Why Your Mass Apply Job Search Strategy Fails You
February 1, 2018
Every day starts to run together. You log into your job boards through your phone or your laptop, then start your scroll-and-apply strategy. This approach to your job search might feel productive. After all, you’re applying to dozens of jobs every week.
However, the job search isn’t a numbers game. This mass apply approach is actually hurting your chances of finding your next job. By understanding better techniques, you can use your time in a more effective manner and find the perfect job.
These are the major pitfalls of your mass apply job search strategy:
You’re being forgotten
Chances are, if you’re applying to every job posting quickly, your application will be lost and forgotten. It’s best to focus on impressing employers with a tailored, unique resume.
My company, JobsInSports, conducted a survey and found that nearly 60 percent of employers said they like to see an original or interactive resume from candidate.
Look for ways to make your resume stand out from the crowd, instead of sending your forgettable resume out to 100 companies. By doing research on specific companies you most want to apply to, you’re better equipped to tailor your resume to fit the cultures and expectations of the organizations.
For example, if you’re applying to a nonprofit that’s focused on public land preservation, provide more detail about your volunteering experience with the state parks department. It shows that your personal values align with the values of the organization.
When you crank out job application after job application, it’s more likely that you’ll make a mistake without realizing it. Employers, however, will notice these errors when they’re reviewing your application. In fact, our survey also found that 39 percent of employers said the biggest communication deal breaker was typos and grammar errors.
Because you’re not focusing on the quantity of applications you send out, you have more time to improve the quality. Review your resume and cover letter with close friends and family before submitting.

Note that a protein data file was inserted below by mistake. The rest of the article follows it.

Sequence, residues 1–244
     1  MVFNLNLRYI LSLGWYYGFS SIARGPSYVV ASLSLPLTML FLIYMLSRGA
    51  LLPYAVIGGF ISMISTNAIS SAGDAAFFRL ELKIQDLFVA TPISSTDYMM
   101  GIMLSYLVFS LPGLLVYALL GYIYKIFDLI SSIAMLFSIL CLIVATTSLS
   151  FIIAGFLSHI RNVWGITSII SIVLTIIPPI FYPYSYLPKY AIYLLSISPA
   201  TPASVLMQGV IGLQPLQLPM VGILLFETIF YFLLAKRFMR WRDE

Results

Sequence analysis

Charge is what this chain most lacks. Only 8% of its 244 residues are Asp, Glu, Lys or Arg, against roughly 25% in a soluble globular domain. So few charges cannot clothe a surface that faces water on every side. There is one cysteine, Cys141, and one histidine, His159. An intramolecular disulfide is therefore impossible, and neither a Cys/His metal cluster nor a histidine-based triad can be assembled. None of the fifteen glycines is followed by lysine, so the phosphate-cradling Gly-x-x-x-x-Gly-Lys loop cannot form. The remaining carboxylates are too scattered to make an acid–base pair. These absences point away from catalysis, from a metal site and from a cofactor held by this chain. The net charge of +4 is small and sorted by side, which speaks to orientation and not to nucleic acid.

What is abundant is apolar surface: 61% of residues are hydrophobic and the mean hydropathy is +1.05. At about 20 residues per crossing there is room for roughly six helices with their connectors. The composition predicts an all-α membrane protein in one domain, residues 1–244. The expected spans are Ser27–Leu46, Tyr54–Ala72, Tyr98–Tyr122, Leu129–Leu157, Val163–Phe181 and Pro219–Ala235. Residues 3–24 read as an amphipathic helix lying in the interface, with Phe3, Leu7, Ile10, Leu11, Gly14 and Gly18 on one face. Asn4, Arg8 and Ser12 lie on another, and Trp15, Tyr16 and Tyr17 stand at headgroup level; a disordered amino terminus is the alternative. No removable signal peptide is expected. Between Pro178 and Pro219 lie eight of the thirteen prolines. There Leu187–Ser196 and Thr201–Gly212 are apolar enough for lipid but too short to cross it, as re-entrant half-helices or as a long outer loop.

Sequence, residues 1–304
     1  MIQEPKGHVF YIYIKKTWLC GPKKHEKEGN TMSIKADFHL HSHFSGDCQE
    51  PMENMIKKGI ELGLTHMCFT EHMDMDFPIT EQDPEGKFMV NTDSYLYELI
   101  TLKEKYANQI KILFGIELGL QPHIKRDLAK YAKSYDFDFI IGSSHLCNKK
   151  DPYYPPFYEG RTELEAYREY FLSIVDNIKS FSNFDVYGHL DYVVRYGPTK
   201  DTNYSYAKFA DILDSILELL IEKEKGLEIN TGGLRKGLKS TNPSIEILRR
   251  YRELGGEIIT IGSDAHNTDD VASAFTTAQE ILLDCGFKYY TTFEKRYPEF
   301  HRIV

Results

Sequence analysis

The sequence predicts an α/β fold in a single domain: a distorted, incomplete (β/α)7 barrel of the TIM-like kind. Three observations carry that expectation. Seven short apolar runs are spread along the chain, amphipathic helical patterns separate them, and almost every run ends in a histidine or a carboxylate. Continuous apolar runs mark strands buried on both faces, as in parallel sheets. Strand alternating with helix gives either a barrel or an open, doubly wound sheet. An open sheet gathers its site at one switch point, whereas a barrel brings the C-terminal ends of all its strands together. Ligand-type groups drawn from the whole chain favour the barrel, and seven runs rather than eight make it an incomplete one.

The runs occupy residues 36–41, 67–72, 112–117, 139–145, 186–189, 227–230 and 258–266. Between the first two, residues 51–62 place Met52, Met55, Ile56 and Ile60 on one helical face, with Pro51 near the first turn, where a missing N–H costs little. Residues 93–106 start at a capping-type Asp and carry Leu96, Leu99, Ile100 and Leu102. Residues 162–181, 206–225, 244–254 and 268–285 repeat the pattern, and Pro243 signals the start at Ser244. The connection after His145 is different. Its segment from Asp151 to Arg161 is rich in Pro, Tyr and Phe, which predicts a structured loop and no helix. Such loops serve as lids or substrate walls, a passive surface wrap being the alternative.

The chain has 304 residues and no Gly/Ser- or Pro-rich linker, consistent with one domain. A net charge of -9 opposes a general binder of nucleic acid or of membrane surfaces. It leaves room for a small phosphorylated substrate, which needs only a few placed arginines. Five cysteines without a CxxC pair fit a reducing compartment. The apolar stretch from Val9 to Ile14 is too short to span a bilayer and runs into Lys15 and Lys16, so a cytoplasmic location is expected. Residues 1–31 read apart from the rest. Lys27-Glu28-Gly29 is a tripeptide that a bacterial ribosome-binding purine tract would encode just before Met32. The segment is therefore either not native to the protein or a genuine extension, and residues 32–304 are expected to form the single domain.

Also, use free tools like Grammarly or the Hemingway Editor to check your grammar. That extra care you put into how your express yourself and how you describe your qualifications and experience goes a long way.
Spending hours applying to so many positions leaves you with little to no time to build your online presence. This makes it less likely that employers will find valuable information about you when they start researching. And they will research you.
In fact, according to our survey, 22 percent of employers say the first thing they do after they receive an application is search the person’s name on a search engine. Spend time on online presence management practices, like personal SEO. This will guarantee you stand out by sharing your expertise with potential employers.
For example, start a blog that is professional and specific to your industry. If you want to work for a sports media company as a videographer, write blog articles about the latest videography trends and share personal projects.
No matter what industry you want to work in, your best chance of getting hired is through an employee reference. This is why your job search strategy needs to include networking.
As our survey found, 60 percent of employers say they give referred candidates more consideration than other candidates.
To put it simply, it doesn’t matter how many applications you submit. Your time is better spent nurturing relationships with industry insiders. Knowing the right people will present you with opportunities and give you the emotional support you need during a stressful job search.
It’s tempting to stick to the job search strategy you’re comfortable with. And let’s be honest -- there are several major job search apps that make applying to jobs as easy as one click. But remember, you’re one of the thousands of other eager job seekers clicking away.
You have a unique set of skills and qualifications, so start showing that. You’re more than just another applicant, and it’s up to you to get employers to take notice.
by Karyn Mullins
© 2018 Vault.com Inc.